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Mr.R. S. Lambert : ' Pioneers of Social Progress—II, William Wilberforce and the Abolition of the Slave Trade '

Synopsis

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THE Elizabethan sea-dogs were a hardy and healthy breed, and much honoured in our history ; but they left us cursed with the moral horrors of theslave trade. In this talk Mr. Lambert will describe how, two centuries after Hawkins died, the moral standards' of the English people had progressed sufficiently to make possible Wilberforce's great Crusade.
He will tell the story of the first attempts to interest Parliament in the abolition question ; of the first motion for gradual abolition followed by a long series of defeats in the Commons and the Lords, extending from 1795 to 1807, when success was finally achieved. And, in addition, he will discuss the question whether credit can be awarded to Wilberforce for his zeal on behalf of the African slaves, without blame also being given to him for his blindness to the almost equally hideous sufferings of the industrial population at home.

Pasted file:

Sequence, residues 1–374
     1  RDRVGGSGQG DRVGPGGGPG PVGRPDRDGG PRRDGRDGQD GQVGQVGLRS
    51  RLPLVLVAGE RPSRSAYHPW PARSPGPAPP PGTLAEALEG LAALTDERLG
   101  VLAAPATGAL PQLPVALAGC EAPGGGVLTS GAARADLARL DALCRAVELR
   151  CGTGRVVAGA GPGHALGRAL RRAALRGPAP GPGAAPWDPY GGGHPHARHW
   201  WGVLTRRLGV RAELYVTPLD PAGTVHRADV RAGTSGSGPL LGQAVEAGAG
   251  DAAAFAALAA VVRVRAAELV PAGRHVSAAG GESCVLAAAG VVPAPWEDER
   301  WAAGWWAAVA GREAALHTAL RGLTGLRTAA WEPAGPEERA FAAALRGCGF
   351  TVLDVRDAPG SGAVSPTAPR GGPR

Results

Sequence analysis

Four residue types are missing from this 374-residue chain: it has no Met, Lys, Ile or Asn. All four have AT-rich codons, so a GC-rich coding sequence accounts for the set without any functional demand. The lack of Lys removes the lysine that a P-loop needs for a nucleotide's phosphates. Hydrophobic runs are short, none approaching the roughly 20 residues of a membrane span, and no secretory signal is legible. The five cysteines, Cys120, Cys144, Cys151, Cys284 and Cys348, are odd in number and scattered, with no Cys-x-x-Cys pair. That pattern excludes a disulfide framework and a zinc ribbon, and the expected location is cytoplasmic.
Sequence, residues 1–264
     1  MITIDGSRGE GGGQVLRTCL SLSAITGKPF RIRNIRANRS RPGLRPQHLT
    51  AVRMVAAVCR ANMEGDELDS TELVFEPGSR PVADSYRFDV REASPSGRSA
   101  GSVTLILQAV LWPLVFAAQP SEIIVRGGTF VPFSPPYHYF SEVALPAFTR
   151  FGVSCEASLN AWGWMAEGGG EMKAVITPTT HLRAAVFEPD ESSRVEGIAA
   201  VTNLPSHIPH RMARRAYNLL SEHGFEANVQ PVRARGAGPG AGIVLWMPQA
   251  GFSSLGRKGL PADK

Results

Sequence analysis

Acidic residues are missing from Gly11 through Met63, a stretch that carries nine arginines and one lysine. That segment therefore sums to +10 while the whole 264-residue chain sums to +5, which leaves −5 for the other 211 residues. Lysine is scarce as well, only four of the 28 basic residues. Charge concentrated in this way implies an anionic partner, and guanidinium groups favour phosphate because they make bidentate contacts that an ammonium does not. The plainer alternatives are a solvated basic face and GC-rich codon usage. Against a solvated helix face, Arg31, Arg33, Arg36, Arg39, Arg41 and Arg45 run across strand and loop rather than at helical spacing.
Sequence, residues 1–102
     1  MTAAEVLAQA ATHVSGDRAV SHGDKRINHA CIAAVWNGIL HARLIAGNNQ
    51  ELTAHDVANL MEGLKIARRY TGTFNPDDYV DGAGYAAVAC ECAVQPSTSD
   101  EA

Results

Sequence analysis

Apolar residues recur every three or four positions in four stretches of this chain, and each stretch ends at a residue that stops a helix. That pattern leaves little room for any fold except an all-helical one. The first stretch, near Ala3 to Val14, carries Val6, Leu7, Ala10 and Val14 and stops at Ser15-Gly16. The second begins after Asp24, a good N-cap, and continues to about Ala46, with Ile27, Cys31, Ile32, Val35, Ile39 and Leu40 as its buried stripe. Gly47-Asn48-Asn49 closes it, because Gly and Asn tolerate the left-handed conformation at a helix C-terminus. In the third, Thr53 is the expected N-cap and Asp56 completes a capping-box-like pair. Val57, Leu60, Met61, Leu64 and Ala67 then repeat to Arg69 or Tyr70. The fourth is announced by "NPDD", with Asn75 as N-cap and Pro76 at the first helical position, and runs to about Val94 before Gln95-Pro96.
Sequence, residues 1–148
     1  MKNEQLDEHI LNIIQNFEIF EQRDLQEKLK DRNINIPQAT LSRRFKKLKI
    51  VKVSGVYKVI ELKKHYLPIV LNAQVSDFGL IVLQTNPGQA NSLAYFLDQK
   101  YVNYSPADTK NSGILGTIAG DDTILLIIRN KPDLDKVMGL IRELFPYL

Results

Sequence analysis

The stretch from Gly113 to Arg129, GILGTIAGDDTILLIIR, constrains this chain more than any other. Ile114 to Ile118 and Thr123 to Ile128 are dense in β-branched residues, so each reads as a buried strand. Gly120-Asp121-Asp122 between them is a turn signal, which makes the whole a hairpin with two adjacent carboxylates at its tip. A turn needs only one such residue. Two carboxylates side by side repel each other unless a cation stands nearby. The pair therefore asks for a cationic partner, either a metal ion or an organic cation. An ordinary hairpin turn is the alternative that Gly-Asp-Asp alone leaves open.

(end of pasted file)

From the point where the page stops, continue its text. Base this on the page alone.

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Feedback about Mr.R. S. Lambert : ' Pioneers of Social Progress—II, William Wilberforce and the Abolition of the Slave Trade ', 2LO London, 19.25, 8 March 1928
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